Trant, Nicholas (DNB00)
|←Train, Joseph||Dictionary of National Biography, 1885-1900, Volume 57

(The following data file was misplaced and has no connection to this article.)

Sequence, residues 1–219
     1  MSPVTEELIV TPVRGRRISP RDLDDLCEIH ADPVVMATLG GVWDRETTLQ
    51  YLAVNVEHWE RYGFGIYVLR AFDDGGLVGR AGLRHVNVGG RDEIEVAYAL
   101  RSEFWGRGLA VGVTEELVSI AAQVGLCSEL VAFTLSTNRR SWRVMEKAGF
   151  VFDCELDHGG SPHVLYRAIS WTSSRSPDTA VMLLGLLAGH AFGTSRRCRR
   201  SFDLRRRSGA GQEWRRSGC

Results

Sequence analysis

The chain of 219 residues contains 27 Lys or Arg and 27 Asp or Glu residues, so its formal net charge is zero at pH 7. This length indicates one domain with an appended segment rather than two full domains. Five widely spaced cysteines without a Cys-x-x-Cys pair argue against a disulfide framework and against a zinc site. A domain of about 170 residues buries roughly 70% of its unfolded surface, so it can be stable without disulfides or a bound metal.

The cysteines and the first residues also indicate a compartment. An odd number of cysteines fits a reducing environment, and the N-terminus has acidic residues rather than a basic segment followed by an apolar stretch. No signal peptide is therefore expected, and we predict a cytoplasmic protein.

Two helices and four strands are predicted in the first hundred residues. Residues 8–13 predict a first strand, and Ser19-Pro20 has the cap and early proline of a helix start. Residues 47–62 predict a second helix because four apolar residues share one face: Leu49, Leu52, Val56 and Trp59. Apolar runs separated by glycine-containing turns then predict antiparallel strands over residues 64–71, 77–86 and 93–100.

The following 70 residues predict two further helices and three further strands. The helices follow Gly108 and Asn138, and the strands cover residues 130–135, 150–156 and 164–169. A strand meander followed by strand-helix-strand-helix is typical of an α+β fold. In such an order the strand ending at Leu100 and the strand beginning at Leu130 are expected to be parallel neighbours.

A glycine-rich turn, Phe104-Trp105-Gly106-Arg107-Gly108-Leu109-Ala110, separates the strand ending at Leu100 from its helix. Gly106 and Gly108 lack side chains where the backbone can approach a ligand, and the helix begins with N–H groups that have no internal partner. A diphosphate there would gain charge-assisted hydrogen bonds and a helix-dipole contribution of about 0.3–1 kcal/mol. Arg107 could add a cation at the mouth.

TRANT, ‘Sir’ NICHOLAS (1769–1839), brigadier-general in the Portuguese army, born in 1769, belonged to an Irish family originally of Danish origin. His grandfather, Dominick Trant of Dingle, co. Kerry, wrote a tract ‘Considerations on the present Disturbance in Munster,’ 1787 (3rd edit. 1790). He was educated at a military college in France, but in consequence of the French revolution he entered the British army, and was commissioned as lieutenant in the 84th foot on 31 May 1794. He served with that regiment at Flushing, and went with it to the Cape of Good Hope in 1795. Returning to England, he obtained a company in one of the regiments of the Irish brigade, his commission bearing date 1 Oct. 1794. His regiment was sent to Portugal, and he took part in the expedition under Sir Charles Stuart, which captured Minorca in November 1798. There Trant was appointed agent-general for prizes, and helped to organise the Minorca regiment, in which he was made major on 17 Jan. 1799. He served in the expedition to Egypt, and his regiment was in support of the 42nd and 28th in the battle of Alexandria. It was disbanded after the peace of Amiens, and Trant left the army; but he soon made a fresh start in it, being commissioned as ensign in the royal staff corps on 25 Dec. 1803. He was promoted lieutenant on 28 Nov. 1805, and was sent to Portugal as a military agent in 1808. He was given the local rank of lieutenant-colonel. When Sir Arthur Wellesley advanced from the Mondego in August, the Portuguese general Freire remained behind, but he allowed Trant to accompany Wellesley with a Portuguese corps of fifteen hundred foot and 250 horse. At Roliça he was employed to turn the French left; at Vimiero he was in reserve with Craufurd's British brigade.